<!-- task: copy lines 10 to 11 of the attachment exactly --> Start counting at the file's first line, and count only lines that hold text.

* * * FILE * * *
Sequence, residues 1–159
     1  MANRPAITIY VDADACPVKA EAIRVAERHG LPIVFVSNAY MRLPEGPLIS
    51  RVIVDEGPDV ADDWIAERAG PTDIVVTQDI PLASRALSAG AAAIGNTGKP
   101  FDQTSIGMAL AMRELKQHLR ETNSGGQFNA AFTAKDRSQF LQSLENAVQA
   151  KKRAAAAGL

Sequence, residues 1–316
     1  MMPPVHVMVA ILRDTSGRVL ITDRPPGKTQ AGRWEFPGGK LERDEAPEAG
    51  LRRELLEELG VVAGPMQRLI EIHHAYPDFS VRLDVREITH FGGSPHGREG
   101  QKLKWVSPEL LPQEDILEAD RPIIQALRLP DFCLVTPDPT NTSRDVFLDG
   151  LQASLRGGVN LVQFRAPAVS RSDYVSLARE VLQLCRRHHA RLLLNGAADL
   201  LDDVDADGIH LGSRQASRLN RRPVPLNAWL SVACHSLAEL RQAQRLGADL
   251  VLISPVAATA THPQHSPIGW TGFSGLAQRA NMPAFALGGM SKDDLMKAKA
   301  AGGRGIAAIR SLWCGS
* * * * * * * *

   151  LQASLRGGVN LVQFRAPAVS RSDYVSLARE VLQLCRRHHA RLLLNGAADL
   201  LDDVDADGIH LGSRQASRLN RRPVPLNAWL SVACHSLAEL RQAQRLGADL